Minor league baseball teams called the Suns operated in Jacksonville, Florida in three separate eras, for a grand total of 48 seasons. The first Suns team played in the Triple-A International League from 1962-1968. The second Suns played in the Double-A Southern League from 1970-1984, and, following a six-season stint as the Jacksonville Expos, took on the Suns identity once again from 1991-2016.
The original Suns franchise came into being as a footnote in world history. Following the Cuban Revolution, the International League’s Havana Sugar Kings were abruptly moved from Cuba to Jersey City, New Jersey halfway through the 1960 season. This Jersey time would prove to be a stopgap arrangement. After the following season, the team was sold to the Cleveland Indians, who moved them to Jacksonville. The first Jacksonville Suns game was in 1962 at Sam W. Wolfson Baseball Park, which would be used until 2002.
The Suns’ original uniform set featured navy blue and orange colors, with a cursive J for a cap logo and a memorable patch featuring a smiling, sunglasses-clad sun. This Smiling Sun logo would be used until the 1980s.
For those seven years at the Triple-A level, the Suns were affiliated with the Indians, Cardinals, and Mets. In the first two years with the Indians, both Tommy John and Mike Cuellar ate up innings for Jacksonville. In ’64 and ’65, the team was affiliated with the Cardinals, and they once again featured Cuellar, who had been coincidentally traded to St. Louis. The Triple-A Suns, however, are best remembered for the three years they spent with the New York Mets.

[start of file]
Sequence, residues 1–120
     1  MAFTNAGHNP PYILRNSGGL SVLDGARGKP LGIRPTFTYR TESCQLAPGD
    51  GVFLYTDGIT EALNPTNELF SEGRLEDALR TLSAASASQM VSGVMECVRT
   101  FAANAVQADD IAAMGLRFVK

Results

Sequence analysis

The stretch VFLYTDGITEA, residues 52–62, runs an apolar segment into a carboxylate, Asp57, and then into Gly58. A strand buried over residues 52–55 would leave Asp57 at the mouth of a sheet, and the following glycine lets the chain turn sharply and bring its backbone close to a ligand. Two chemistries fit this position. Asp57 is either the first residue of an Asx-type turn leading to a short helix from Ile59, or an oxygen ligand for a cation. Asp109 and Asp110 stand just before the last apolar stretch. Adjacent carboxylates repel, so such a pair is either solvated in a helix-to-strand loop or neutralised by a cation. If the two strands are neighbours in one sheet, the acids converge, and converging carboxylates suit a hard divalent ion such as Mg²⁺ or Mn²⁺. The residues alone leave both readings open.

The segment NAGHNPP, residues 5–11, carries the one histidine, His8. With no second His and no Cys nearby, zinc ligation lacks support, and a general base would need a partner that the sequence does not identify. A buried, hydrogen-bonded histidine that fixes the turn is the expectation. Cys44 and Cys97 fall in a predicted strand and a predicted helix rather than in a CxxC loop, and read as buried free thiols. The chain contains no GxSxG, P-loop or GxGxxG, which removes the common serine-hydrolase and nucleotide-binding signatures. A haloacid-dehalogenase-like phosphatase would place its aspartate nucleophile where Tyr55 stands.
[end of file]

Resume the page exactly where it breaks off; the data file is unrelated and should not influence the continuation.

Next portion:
The Mets era saw many key members of the later 1969 “Miracle Mets” championship roster pay their dues at Wolfson Park. Jacksonville alumni from this era include Hall of Fame hurlers Tom Seaver and Nolan Ryan, as well as Tug McGraw, Amos Otis, and Jerry Koosman.
In the grand scheme, this would be little more than a time capsule. After the 1968 season, the Triple-A team was moved to Portsmouth, Virginia, where they became known as the Tidewater Tides. Tidewater became the Norfolk Tides in the nineties, and they play in the International League to this day.
The next version of the Jacksonville Suns began play in the Southern League in 1970. Though this was a new team by any conventional measure, it is clear that there was an effort to provide continuity of identity. Not only was the name the same, but both the J cap logo and Smiling Sun were retained.
One of the few images of the early-seventies Suns that I’ve found is a team photo from 1970. Judging from a 1970 team photo, orange was given a more prominent role in the uniform sets of these new Suns, and at least in ’70, it seems that the Smiling Sun logo was on the caps. During that first year, the new Suns were a co-op affiliate of both the Montréal Expos and the brand new Milwaukee Brewers. Tom Kelly had his last gasp as a player on that squad before switching tracks to become a very successful baseball manager.
In 1971 (which was incidentally the Dixie Association year) the Suns spent a single season back with Cleveland, their original parent club. Then came an affiliation with the Kansas City Royals from 1972 to 1983, and in that good chunk of time, future stars such as Frank White and Dan Quisenberry passed through Jacksonville.